According to the Bureau of Labor Statistics, of the millions of workers injured each year in the U.S., over 90 percent are employed in service industries including restaurants, bars and coffee shops. Restaurant and kitchen workers face many hazards each day and the risk of minor and severe injuries is great – some work accidents may even be fatal.
Some of the injuries that occur in restaurants and kitchens include:
Slip and falls or trip and falls are the most common cause of injuries to workers in all industries. In restaurants and kitchens, the risk is particularly great due to the presence of water and cooking oil. In a well-run establishment that prioritizes the safety of workers, spills are cleaned up immediately and appropriate signage is displayed to mark the area. Workers should wear closed-toe shoes that are skid resistant.
Burns can be caused by deep frying oil, contact with hot pans or appliances, kitchen fires, steam from pots, or contact with faulty electrical equipment. Burns can be prevented by making sure potholders are readily available and by ensuring staff members wear long sleeves and aprons. Electrical outlets should never be overloaded, and stoves must never be left unattended.
Slicing machines without guards are a source of cuts and lacerations as are kitchen knives and broken glassware. Workers must be properly trained on any slicing and cutting machinery.
Repetitive tasks such as chopping, slicing, stirring, and other common kitchen jobs can lead to fatigue, soreness and injury. Using dull knives and equipment forces workers to exert more force through the fingers, wrists, hands, and arms to accomplish the same task. Repetitive motion injuries can lead to loss of normal function of the affected area and result in an inability to complete daily tasks.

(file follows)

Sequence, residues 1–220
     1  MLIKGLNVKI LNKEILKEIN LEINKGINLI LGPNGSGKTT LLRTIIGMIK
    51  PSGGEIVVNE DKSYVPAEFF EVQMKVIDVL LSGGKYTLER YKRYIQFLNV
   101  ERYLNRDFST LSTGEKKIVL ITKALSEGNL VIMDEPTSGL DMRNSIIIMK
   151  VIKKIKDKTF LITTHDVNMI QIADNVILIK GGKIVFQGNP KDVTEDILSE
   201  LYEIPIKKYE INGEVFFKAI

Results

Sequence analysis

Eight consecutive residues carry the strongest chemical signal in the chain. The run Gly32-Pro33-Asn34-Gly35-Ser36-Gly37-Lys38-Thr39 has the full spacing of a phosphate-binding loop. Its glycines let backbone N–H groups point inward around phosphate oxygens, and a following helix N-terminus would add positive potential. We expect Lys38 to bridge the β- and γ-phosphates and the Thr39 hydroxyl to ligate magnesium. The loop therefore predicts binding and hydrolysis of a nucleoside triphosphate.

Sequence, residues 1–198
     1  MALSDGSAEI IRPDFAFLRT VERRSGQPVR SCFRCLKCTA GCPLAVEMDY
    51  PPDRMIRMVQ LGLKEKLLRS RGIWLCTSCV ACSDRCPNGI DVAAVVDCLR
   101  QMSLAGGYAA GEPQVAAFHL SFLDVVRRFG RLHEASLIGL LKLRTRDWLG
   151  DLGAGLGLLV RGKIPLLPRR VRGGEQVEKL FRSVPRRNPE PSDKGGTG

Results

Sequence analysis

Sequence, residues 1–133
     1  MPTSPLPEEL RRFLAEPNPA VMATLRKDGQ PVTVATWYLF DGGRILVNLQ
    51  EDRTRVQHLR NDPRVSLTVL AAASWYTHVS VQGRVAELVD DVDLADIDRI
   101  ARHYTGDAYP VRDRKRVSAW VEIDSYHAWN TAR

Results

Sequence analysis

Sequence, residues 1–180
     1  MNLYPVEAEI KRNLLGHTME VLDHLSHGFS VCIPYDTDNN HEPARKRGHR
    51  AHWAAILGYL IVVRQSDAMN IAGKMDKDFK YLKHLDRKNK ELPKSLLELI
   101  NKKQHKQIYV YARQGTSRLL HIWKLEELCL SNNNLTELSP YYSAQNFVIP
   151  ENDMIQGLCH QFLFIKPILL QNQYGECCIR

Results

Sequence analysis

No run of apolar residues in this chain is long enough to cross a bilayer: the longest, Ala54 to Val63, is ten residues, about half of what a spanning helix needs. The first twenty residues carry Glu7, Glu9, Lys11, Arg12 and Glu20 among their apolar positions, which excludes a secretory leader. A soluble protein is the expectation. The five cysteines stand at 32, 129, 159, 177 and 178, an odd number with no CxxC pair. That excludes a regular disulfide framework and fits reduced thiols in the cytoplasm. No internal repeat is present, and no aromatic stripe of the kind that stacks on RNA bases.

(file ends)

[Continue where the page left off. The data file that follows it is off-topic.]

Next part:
Commercial cooking supplies come in large quantities putting workers at risk for sprains and strains when moving and lifting heavy loads. Properly storing heavy items at waist height can help prevent back injuries.
Restaurant and kitchen workers are exposed to commercial strength chemical cleaners that may irritate the eyes, nose and mouth. They should be provided with face masks, aprons, and gloves. All hazardous materials should be clearly labeled and properly stored.
The importance of training cannot be underestimated in the prevention of accidents and the handling of emergencies. Employers should run fire drills regularly and staff should know how to handle first aid procedures for cuts and burns.
Many commercial kitchen appliances can be dangerous, and workers need to be trained in their use, care, and maintenance. They should also be made aware of good housekeeping practices that can help eliminate the risk of slip and falls and kitchen fires. Emergency numbers of hospitals and help lines should be clearly posted.
For injuries sustained on the job, restaurant and kitchen workers may be eligible for Workers’ Compensation benefits. A successful claim will cover medical treatment for an injury as well as wage loss benefits, partial or total disability benefits, and other forms of relief.
If you or someone you love has been injured on the job, contact a Philadelphia work accident lawyer of Gross & Kenny, LLP. Call 267-589-0090 or complete our online form to schedule an initial consultation. Our offices are located in Philadelphia, allowing us to serve Pennsylvania and New Jersey.